On Monday, January 23 in Humanities 2, room 259 at 4:30PM, Karen and her UCSC colleagues will screen, KONELĪNE: Our Beautiful Land, directed by award-winning filmmaker Nettie Wild. The film just had its U.S. premier at the Palm Springs International Film Festival playing to a sold out house. KONELĪNE: our land beautiful is a sensual, cinematic celebration of northwestern British Columbia, and all the dreamers who move across it. Some hunt on the land. Some mine it. Set deep in the traditional territory of the Tahltan First Nation, KONELĪNE captures beauty and complexity as one of Canada’s vast wildernesses undergoes irrevocable change.

Karen Bakker is Professor, Canada Research Chair, and Director of the Program on Water Governance at the University of British Columbia (www.watergovernance.ca). She is currently the midwife (aka Principal Investigator) to a research collective of Indigenous community members, academics, artists, activists who are striving to decolonize water in both theory and practice (www.decolonizingwater.ca). A Rhodes Scholar with a PhD from Oxford, Karen is trained in both the natural and social sciences. She currently works at the intersection of political economy and political ecology, and publishes on a wide range of environmental issues (water, hydropower, food, energy).

Jan 23 | Film Screening: KONELĪNE: our land beautiful

Best Canadian Documentary, Hot Docs 2016

konelineTRANSCENDENT… epic spectacle. […]She lets the camera hunt for art in every frame, mining veins of abstract beauty rather than sharp nuggets of political narrative”  Brian D. Johnson, Maclean’s

ASTONISHING, stunningly beautiful. […] Equal parts sigh, song and cry.”  Linda Barnard, Toronto Star

BREATHTAKING, gripping. […] Finds beauty in unexpected places.” David Perri, The Northern Miner

WINNER of the Best Canadian Film of 2016 at the HOT DOCS Intl’ Film Festival, KONELĪNE: our land beautiful brings its sensual and visceral ride to UC Santa Cruz:

Monday, January 23, 2017

Humanities 2, room 259  4:30PM

KONELĪNE Trailer: https://vimeo.com/180675200

Celebrated for using art to seek beauty and complexity where you least expect to find them, KONELĪNE (pronounced Ko-na- lee´-na)  is garnering rave reviews for its fair-minded and cinematically stunning exploration of northwest British Columbia and the extraordinary people who move across that land.  Set deep in the traditional territory of the Tahltan First Nation, KONELĪNE captures an epic canvas of beauty and complexity as one of Canada’s vast wildernesses undergoes irrevocable change.

Directed by award-winning filmmaker Nettie Wild, KONELĪNE delights in exploding stereotypes with scenes of breathtaking spectacle. Heidi Gutfrucht, both a big-game hunter and fierce environmentalist, swims her 17 horses across the unforgiving Stikine River. A Tahltan First Nation diamond driller bores deep into the same territory his elders are fighting to protect.  And a white hunter carries a bow and arrow while a Tahltan elder shoots moose with a high-powered rifle.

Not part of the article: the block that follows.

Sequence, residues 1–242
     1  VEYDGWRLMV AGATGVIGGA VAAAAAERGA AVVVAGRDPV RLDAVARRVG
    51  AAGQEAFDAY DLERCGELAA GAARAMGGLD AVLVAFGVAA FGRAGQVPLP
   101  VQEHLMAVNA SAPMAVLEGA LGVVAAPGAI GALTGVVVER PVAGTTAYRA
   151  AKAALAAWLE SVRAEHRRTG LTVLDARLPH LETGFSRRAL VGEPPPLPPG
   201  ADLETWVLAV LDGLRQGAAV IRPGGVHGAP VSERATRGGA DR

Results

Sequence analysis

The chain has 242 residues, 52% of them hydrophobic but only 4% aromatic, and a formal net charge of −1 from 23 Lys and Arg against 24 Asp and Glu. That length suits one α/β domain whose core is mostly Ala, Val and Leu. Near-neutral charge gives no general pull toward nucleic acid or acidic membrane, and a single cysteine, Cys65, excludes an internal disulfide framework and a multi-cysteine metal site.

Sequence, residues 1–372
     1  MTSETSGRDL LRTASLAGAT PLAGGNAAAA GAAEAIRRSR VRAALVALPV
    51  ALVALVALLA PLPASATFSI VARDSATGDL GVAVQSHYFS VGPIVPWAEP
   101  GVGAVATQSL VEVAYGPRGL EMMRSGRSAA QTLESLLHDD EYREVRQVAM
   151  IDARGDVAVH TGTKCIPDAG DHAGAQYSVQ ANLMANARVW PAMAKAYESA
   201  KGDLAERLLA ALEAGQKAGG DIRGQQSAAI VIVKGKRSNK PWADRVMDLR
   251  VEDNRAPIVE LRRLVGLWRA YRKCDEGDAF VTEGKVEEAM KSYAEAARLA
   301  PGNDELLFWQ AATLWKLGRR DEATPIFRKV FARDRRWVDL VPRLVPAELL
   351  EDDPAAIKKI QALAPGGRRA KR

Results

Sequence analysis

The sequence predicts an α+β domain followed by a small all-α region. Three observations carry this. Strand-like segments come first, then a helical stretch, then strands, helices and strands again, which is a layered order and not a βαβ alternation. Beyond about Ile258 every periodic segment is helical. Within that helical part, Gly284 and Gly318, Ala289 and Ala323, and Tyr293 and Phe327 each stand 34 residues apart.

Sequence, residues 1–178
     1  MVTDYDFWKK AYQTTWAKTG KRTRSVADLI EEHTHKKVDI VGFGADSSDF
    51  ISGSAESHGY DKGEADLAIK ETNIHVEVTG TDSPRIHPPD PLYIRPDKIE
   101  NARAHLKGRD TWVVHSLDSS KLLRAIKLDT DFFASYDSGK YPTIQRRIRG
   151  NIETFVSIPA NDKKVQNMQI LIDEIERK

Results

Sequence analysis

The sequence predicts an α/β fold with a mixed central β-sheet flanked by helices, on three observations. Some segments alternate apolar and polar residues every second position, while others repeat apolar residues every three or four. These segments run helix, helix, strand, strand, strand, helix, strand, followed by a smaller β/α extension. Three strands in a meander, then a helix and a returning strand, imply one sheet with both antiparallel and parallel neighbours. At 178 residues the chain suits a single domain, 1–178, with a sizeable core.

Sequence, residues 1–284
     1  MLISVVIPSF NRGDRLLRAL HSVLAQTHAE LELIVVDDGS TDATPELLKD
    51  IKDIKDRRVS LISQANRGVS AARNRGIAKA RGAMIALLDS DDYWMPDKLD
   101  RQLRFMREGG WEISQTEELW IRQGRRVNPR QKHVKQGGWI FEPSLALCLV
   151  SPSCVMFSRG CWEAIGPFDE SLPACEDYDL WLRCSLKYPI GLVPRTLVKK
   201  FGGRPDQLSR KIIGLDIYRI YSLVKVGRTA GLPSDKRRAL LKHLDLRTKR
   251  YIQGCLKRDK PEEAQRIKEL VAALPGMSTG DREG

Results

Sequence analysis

Cameraman Van Royko won the 2016 Award for Best Documentary Cinematography from the Canadian Society of Cinematographers for KONELĪNE, which is shot and projected in wide screen with surround sound.

KONELĪNE: our land beautiful is a cinematic poem that cuts through the rhetorical roar of our times. It’s turning heads and changing minds. Don’t miss it.  96 mins with conversation to follow.


KONELĪNE: our land beautiful is a Canada Wild production, produced in association with Telefilm Canada and the Rogers Group of Funds through the Theatrical Documentary Program; Super Channel; Canal D, a division of Bell Media Inc.; Knowledge Network; The Canada Media Fund; developed in association with The National Film Board and Creative BC; produced with the participation of Rogers Documentary Fund; the Shaw Media/Hot Docs Completion Fund; the Canadian Film or Video Tax Credit; and the Province of British Columbia Film Incentive BC.

Sept 13 | Blum Center | SEEDS, SOILS and POLITICS: An Anthropology Roundtable

Blum Seeds and Soils

Twenty anthropologists and ethnographers from across Africa, Asia, Latin America, and North America will discuss new forms of public and private governance over seeds and soils, how these influence farmers engagement, and how do citizens mobilize to regain control over the seeds and soils on which their daily sustenance, their health and well-being depend.

By considering the relationship of farmers with the living things of soil and seeds together with their relationship to different forms of national and international policy-making, anthropologists engage this comprehensive approach to examine how environmental change is co-created through policies and practices. They will share the outcome of their recent discussions in this roundtable.

Contemporary ways of cultivating and agricultural development strategies are framed by the marketplace: typically today such measures are privatized, corporate, and profit driven, and thus they frequently neglect or even devalue local survival strategies among the world’s poorest. Please join in this public panel that will address the ways in which states and corporations govern living objects that shape peoples’ sustenance, determine the survival of mankind, and the quality of life which have fueled the mobilization of citizens worldwide. Anthropologists have started to analyze the discourses and strategies of farmers, foodies and environmentalists who try to shed the status of consumer, stakeholder or expert and reclaim the status of citizens and of food sovereignty instead of food security. How is the issue of citizenship, the right to food, the claim to be protected from fake food and seeds reformulated? How do these notions impact on decision-making, and the notion/perception of economic democracy?